Tedious realists needlessly distracted by practicality might point out that the other worlds of our solar system are hostile even by comparison with a post-nuclear-holocaust Earth. If your technology won’t keep you alive after World War Three, it won’t keep you alive on Mars, either. Others might rudely interject that we don’t know how to build self-sufficient space colonies, so even if we build off-world colonies, and even if the colonies survived the immediate war, it may be only to slowly perish in the aftermath as vital supplies no longer arrived. Particularly vexing pundits might suggest the same means used to deliver colonists to Mars could just as easily be used to deliver the same mass of nuclear warheads to Mars. Clearly these people have been blinded by mere fact, which as you know can be used to prove anything that is remotely true.

The Menace of the Sun

The Sun will kill its children. The Sun grows brighter by about one percent every hundred million years. One day, this gradual evolution will be replaced by far more dramatic changes. The Sun will become a red giant. Such inner worlds as are not consumed by the expanding Sun will be seared into airless, dry, dead worlds. However, the current, quite narrow liquid water zone in which we live will be replaced by a much larger one ranging from about 50 AU to 70 AU. Clearly, to survive we must plant settlements in the new habitable zone!

Astronomers might mutter something irrelevant about how the red giant phase is billions of years away, so not exactly a pressing issue3. They might also draw attention to the fact the red giant phase won’t last all that long, cosmically speaking. In short order4, the Sun will, after some exuberantly flamboyant events, become a white dwarf, whose habitable zone will be much smaller than the current Sun’s and much, much smaller than the red giant Sun’s. There’s a reason astronomers are provided with observatories far, far away from the rest of us.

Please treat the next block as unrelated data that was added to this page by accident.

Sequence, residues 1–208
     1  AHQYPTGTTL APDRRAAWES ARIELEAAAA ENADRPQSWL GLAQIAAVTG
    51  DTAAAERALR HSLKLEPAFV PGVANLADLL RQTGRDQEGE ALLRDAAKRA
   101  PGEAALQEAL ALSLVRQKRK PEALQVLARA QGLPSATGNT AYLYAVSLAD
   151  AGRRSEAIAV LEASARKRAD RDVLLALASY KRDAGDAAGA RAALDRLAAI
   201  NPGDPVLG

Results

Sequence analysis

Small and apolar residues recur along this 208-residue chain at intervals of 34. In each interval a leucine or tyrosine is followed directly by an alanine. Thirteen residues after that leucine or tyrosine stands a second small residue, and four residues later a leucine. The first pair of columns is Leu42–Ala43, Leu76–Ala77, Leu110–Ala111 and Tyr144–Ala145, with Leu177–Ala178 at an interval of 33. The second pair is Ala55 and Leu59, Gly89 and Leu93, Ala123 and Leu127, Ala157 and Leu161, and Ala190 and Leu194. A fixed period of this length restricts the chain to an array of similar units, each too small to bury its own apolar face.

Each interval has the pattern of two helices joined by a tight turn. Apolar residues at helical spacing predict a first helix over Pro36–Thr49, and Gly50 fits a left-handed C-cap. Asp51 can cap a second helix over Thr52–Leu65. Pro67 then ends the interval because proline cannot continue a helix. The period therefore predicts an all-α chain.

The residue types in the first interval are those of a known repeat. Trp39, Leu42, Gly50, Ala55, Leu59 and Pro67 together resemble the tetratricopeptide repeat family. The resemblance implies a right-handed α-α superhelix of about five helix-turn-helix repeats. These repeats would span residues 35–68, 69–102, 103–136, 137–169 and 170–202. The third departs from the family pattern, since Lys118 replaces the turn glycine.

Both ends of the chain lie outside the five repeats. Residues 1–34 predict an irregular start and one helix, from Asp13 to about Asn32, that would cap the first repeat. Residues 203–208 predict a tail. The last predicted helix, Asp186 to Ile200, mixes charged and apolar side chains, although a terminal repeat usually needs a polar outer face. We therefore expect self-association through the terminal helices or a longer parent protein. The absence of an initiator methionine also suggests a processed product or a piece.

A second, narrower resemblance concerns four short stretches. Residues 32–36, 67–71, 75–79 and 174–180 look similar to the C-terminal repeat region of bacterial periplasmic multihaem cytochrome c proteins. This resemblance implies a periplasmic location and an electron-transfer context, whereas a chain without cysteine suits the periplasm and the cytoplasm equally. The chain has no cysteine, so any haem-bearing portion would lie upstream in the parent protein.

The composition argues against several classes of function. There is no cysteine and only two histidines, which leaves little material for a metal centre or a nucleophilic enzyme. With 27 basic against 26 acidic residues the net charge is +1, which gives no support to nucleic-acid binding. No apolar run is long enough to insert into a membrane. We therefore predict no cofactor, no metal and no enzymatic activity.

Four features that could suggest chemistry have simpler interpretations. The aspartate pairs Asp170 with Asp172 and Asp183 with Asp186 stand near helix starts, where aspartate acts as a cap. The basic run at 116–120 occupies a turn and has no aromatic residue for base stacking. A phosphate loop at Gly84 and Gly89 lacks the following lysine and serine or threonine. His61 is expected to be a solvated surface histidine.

Galaxies are monstrous cannibals. To the trained eye, our sky is filled with the corpses of the Milky Way’s victims. However, as the Milky Way consumed smaller galaxies, so too will it be consumed in turn. The Andromeda galaxy is hurtling towards the Milky Way at an eye-watering 300 kilometers per second, six thousand times as fast as Nolan Ryan’s fastest fast-ball5. When Andromeda reaches the Milky Way, the results will be spectacular and violent. Both galaxies will be reshaped. The Sun might be thrown into intergalactic space. Alternatively, the Sun might find itself passing by one of the many stellar nurseries that will follow the collision, a recipe for experiencing supernova up close and personal. Which would be bad. Best to be elsewhere when that happens. Given the scale of the crisis (two galaxies!), this justifies particularly epic colonization efforts.

Biologists, no doubt jealous about the spotlight that economists and astronomers have thus far received in this essay, would point out that Andromeda won’t show up for four and a half billion years, about ten times as much time as has transpired since the Cambrian period. Humans have far more in common with Hallucigenia than whatever will call Earth home by the time Andromeda arrives. Astronomers would then upstage the biologists by pointing out that in this case biology is irrelevant, as the Sun will have long since rendered the Earth utterly lifeless due that whole swelling-into-a-red-giant-before-collapsing-into-a-white-dwarf thing. Economists might mutter something about the utterly negligible value to us of such distant investments, making people wonder who exactly invited the economists6.

The moral should be evident by now: there are utterly compelling reasons to colonize space. The arguments against colonizing space are simply fact- and logic-based naysaying from a collection of joyless buzzkills long since blinded to awesomeness by mere reality. The course of action on which humans must embark is clear. icon-paragraph-end

Source link

About The Author

Scroll to Top